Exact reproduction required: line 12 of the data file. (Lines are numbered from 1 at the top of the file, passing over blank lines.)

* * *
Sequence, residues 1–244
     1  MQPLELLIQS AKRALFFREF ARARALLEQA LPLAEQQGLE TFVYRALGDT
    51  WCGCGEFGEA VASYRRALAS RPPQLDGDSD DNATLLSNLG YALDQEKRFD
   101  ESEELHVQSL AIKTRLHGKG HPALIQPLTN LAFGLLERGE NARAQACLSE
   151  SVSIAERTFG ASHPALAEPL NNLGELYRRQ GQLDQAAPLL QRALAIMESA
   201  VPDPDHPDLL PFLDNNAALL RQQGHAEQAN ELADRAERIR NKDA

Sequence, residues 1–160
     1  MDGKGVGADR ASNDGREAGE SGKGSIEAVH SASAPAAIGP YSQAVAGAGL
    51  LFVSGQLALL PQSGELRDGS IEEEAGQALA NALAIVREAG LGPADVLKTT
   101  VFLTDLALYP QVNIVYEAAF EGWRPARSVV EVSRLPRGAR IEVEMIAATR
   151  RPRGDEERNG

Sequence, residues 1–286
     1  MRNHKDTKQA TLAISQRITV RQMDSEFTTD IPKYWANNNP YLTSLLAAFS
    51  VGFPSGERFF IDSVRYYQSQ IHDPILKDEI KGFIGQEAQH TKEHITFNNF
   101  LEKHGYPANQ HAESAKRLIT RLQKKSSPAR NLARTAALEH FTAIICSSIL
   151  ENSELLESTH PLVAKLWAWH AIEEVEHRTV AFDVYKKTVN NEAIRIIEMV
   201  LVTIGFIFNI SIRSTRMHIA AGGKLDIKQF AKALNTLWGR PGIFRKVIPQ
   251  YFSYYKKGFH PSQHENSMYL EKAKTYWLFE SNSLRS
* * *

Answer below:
Sequence, residues 1–286